Thursday, March 1, 2012

Dexcom - I love you, I'm just not that into you.

There is no doubt my Dexcom CGM has significantly improved my quality of life. Sometimes I forget what it was like to NOT know what my blood sugar is all the time - testing myself 8 times a day seems SO antiquated and prehistoric in comparison to how I am able to monitor my blood sugar now. Between my Omnipod and my Dexcom, I feel like a hip diabetes robot that is wireless, tubeless and in the know 24/7. However, as someone who has dealt with diabetes-related anxiety for some time now, I'm beginning to wonder if I'm suffering from what I'd like to call "plastic-pancreas hyperawareness syndrome."

There are points in my day where perhaps I would like a little less information about the misbehaviors of my pancreas. For example, on days when I'm feeling particularly anxious or even having a panic attack - the double-down arrows of doom accompanied by vibrations and beeps alerting me that my blood sugar is plummeting are a bit dramatic. I went so far as to disable the alarm for when my blood sugar rises above 200 because I found that I would overreact, over-bolus and therefore, end up low and very crabby.

And while I love the security of my Dexcom relationship - we have some trust issues. I find it difficult to trust that my juice box or glucose tabs will raise my blood sugar when there is a lag in how the CGM reports progress. 5 minutes can seem like an eternity when you are low and that little upward arrow of hope has yet to provide IMMENSE relief to my hypo-anxiety.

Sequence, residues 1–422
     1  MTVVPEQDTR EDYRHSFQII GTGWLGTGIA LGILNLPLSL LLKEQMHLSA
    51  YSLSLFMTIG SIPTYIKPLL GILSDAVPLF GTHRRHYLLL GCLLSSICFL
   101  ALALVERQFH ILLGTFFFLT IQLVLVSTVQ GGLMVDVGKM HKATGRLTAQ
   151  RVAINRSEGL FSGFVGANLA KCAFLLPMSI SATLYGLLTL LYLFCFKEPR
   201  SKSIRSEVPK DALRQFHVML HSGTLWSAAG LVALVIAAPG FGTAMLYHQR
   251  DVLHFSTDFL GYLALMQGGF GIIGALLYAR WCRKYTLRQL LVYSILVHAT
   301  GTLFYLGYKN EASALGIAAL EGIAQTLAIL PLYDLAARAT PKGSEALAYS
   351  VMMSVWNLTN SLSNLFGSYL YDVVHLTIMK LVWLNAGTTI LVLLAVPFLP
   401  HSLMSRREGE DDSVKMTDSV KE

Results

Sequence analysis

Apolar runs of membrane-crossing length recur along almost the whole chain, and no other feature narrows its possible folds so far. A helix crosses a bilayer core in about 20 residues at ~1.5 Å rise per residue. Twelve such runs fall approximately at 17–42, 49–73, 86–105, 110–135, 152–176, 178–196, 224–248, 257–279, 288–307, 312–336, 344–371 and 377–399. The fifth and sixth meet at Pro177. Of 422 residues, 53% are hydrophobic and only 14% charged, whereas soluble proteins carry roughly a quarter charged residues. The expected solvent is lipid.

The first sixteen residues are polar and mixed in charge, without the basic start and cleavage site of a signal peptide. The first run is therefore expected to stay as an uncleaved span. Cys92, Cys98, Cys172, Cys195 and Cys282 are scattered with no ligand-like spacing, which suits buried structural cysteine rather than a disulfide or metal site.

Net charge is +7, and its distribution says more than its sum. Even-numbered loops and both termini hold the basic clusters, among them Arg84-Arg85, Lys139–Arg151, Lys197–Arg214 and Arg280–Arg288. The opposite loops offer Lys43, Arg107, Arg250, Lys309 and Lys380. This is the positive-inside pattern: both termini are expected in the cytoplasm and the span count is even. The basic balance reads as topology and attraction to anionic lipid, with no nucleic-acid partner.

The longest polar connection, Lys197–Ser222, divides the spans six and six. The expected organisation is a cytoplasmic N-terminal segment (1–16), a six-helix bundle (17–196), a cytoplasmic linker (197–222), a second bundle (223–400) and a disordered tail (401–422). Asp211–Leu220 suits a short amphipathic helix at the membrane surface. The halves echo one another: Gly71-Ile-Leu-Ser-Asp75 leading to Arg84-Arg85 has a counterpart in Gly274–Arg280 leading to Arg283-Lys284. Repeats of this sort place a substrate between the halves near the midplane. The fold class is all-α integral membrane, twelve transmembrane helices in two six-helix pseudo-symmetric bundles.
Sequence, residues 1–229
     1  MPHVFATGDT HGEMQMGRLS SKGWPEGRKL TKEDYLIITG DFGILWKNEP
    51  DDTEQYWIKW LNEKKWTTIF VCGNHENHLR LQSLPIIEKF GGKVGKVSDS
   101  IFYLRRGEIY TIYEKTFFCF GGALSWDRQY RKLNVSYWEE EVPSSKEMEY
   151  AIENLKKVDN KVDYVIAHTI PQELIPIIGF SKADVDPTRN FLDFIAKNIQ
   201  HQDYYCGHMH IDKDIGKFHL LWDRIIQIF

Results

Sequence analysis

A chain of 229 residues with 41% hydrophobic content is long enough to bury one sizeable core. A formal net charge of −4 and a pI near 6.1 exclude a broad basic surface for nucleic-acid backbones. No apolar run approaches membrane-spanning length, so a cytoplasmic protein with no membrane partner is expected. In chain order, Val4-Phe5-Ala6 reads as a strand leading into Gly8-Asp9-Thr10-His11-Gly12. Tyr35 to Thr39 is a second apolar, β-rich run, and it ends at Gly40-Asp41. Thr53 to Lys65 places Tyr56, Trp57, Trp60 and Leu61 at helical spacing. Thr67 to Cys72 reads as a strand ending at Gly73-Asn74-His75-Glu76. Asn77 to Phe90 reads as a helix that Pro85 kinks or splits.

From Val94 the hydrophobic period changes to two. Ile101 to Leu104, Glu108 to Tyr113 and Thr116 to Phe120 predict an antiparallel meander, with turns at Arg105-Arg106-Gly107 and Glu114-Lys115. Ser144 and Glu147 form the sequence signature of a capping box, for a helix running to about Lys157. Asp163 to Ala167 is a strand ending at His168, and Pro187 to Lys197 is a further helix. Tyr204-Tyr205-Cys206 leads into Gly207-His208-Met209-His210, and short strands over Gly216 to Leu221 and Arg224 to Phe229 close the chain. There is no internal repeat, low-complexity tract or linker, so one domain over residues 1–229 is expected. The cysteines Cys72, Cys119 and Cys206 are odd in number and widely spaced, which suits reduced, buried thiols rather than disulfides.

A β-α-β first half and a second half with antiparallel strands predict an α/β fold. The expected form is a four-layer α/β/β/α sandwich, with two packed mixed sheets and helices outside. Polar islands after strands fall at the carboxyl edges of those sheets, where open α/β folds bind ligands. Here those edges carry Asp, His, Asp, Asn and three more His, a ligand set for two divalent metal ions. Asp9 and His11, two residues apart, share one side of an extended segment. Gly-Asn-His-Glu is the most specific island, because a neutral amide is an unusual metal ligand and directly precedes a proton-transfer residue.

When I feel frusterated with the Dexcom and my anxiety, I will often take a vacation from the CGM and go back to the old-fashioned way of monitoring my blood sugar. This "vacation" never fails to provide the epiphany necessary for me to stick that CGM back on my belly where it belongs. Diabetes requires constant learning - I've learned that sometimes it will be difficult for me to process all the information that my CGM provides. In the end, the security and comfort I feel when I look at trending normal blood sugars on that little screen could make it all worthwhile.

So Dexcom, its not you - it's me. But don't worry - I will still faithfully read your screen to the point of obsession whether we're having a good day or thinking about taking a vacation from each other.

1 comment:

Anonymous said...

Dear Queen Bee-tes:

Thank you for sharing about your Dexcom love/hate relationship. It helps your friends better understand your hyperawareness and the onslaught of anxiety that naturally pairs with it. Perhaps you and Dexcom could go to couples counseling or a weekend getaway trip to the Bahamas to repair miscommunication.

Your Friend